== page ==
Ambassador for the United States, to President Serrano; July 20,
1990 Letter from Paul Soreff to President Cerezo.
See September 23, 1991 Letter from Paul Soreff to
Special Prosecutor Beltranena; September 26, 1991 Letter from
Special Prosecutor Beltranena to Paul Soreff; October 4, October 31
and December, 1991 Letters from Paul Soreff to Special Prosecutor
See Testimony of Sister Ortiz Provided on April 7,
1992; Proceeding for Identification of Photographs and Preparation
of Electronic Sketches of March 22, 1993; Proceeding for Preparation
of Electronic Sketches and Judicial Recognition Proceeding of March
23, 1993; Judicial Recognition Proceeding of March 24, 1993;
Questioning Proceeding of March 25, 1993; Judicial Recognition
Proceeding of January 26, 1994.
See Report prepared by Annabella Valdez Gutiérrez, a
prosecutor assigned to the case in Guatemala, March 18, 1994
(referring to Dr. Alcare's examination) [hereinafter referred to as
the Valdez Gutiérrez Report]; Report prepared by Investigator West,
February 4, 1994 (also referring to Dr. Alcare's examination)
[hereinafter referred to as the West Report].
On October 23, 1995, the Commission asked the Government to
provide Dr. Alcare's report concerning his examination of Sister
Ortiz before she left Guatemala and Dr. Alcare's testimony in the
domestic case. The
Government has not provided that information despite the fact that
Article 48(1)(e) of the Convention provides that the Commission may
request a state to provide information relevant to a case.
The record does contain a letter from Sister Ortiz's
psychiatrist detailing Sister Ortiz's reaction to her torture and
rape and explaining why it is difficult for her to provide further
evidence or information about the rape.
November 28, 1995 Letter from Mary R. Fabri, Psy.D. to
In its October 23, 1995 communication, the Commission
requested that the Government provide it with each police report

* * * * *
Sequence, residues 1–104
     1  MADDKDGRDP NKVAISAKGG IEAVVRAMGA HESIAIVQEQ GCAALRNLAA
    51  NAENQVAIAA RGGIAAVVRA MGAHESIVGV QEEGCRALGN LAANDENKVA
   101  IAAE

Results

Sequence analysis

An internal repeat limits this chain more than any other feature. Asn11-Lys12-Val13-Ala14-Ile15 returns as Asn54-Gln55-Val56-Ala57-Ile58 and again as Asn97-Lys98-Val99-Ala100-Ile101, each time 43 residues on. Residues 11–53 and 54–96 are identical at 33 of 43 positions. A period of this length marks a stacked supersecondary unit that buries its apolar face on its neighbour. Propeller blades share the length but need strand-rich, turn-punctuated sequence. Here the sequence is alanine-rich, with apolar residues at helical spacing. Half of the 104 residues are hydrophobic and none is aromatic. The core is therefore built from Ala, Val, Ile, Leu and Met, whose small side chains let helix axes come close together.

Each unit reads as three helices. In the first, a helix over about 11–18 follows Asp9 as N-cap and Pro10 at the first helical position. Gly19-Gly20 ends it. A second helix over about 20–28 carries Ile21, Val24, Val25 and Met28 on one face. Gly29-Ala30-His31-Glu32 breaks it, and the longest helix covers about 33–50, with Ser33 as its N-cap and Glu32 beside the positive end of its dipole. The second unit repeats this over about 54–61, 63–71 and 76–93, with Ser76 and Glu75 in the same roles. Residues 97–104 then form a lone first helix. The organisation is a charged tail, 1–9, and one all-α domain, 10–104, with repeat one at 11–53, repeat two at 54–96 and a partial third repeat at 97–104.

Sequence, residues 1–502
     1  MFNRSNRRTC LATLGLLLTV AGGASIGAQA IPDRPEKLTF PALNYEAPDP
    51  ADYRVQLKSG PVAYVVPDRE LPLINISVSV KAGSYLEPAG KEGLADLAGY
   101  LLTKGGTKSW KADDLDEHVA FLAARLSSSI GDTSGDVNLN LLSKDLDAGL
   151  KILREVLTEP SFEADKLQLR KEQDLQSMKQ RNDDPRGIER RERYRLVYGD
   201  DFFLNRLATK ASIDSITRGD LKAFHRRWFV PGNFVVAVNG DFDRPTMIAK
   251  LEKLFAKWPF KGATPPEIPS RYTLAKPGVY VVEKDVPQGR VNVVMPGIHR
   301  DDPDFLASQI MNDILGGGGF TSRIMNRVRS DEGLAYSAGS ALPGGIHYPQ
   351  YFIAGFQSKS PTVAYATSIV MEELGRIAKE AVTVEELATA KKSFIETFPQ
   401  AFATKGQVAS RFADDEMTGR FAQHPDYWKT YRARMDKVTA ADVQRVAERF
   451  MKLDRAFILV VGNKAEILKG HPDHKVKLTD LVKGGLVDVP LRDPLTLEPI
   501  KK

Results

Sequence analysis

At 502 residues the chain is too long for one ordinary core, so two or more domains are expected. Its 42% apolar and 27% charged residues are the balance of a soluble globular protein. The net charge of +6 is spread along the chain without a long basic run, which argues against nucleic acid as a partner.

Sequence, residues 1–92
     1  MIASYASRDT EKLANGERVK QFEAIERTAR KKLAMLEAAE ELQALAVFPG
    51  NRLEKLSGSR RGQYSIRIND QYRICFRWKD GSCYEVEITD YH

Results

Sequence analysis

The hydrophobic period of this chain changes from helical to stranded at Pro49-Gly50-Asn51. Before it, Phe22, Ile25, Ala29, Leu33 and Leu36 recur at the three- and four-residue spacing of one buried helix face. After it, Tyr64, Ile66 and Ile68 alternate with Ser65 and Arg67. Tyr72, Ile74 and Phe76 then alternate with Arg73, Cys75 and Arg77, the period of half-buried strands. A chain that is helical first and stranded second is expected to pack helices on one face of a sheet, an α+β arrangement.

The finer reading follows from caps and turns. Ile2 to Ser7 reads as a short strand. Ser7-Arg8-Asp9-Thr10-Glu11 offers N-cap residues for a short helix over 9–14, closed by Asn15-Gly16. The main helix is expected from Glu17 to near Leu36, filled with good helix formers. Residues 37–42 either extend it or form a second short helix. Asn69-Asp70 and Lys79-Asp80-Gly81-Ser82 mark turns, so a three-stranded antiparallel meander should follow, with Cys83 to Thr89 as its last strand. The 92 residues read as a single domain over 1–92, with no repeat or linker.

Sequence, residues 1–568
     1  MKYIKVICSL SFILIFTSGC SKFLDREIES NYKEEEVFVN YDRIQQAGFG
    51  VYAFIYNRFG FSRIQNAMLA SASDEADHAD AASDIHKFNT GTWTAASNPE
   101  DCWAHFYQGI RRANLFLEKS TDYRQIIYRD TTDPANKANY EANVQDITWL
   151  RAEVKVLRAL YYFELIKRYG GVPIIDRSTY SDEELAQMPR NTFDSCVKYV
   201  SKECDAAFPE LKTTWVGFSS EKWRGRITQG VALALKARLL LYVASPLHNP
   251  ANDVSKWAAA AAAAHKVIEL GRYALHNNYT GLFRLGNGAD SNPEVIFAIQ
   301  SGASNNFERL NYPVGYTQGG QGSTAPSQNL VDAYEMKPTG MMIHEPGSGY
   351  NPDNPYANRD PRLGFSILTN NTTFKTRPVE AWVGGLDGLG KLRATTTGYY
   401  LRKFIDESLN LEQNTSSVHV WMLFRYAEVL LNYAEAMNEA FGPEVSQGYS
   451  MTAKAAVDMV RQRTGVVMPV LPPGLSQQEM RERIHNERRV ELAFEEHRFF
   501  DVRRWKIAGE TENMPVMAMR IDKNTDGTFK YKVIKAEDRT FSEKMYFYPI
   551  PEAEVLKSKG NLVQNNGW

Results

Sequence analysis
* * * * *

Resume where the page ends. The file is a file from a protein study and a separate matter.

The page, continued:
that had been prepared in relation to the case.
However, the Government has failed to provide this
According to the Government, this report was dated July 8,
1991 and was prepared by the administration of the National Police
Department for Sacatepéquez. However,
the Government has not provided the Commission with a copy of that
report despite the Commission's request for all police reports
prepared in relation to the case.
See 1991 Annual Report of the Inter-American
Commission on Human Rights at 221, OEA/Ser.L/V/II.81/Doc. 6 rev. 1,
February 14, 1992 (hereinafter "1991 Annual Report");
Statement of Phillip Berryman at 7; Statement of Allan Nairn at
See 1990-1991 Annual Report of the Inter-American
Commission on Human Rights at 449, OEA/Ser.L/V/II.79, Doc. 12 rev.
1, February 22, 1991; 1991 Annual Report at 210, OEA/Ser.L/V/II.81/Doc.
6 rev. 1, February 14, 1992; Fourth Report at 44, 46, 92-94;
Statement of Allan Nairn at 16-17; Statement of Anne Manuel,
Associate Director of Human Rights Watch at 19.
See Response to Letters Rogatory from Ambassador of
Guatemala Certified by the United States District Court for the
Western District of Kentucky on May 1, 1991 (including testimony of
Sister Ortiz dated January 31 and March 18, 1991 and other
According to information submitted by the Government, the
members of the Special Investigation Group were to testify on May
16, 1995. The Commission requested a copy of this testimony in its
October 23, 1995 communication, but the Government has failed to
provide that information.
In its October 23, 1995 communication, the Commission asked
the Government to provide specific information about the various
prosecutors that had worked with the case, but the Government has
failed to provide that information.
In its October 23, 1995 communication, the Commission asked
the Government to provide a copy of the report prepared by Special
Prosecutor Linares. The
Government has failed to provide that information.
See "American Nun Testifies to Abduction, Torture
by Guatemalan Security Forces," Washington Post, April 8, 1992;
"Monja Dianna Ortiz declarará en juzgado el próximo martes",
Siglo Veintiuno, April 3, 1992; "Comenta la próxima visita de
Diana Ortiz", Prensa Libre, April 5, 1992; Linares' Published
Declarations of March 1, 1992, February 20, 1992, and April 8, 1992.
The Commission also notes that the public statements made by
Special Prosecutor Linares were prohibited by the Criminal Procedure
of Guatemala which was applicable at the time.
That Code provided that no government official or private
person may expose "the reserve or the confidentiality of the
See Guatemalan Code of Criminal Procedure, Art. 309.
The Government of Guatemala has cited the confidentiality of
the investigative proceeding as an argument in cases before this
Advisory Opinion OC-13/93 of July 16, 1993, Certain
Attributes of the Inter-American Commission on Human Rights (Arts.
41, 42, 46, 47, 50 and 51 of the American Convention on Human
Rights), par. 50.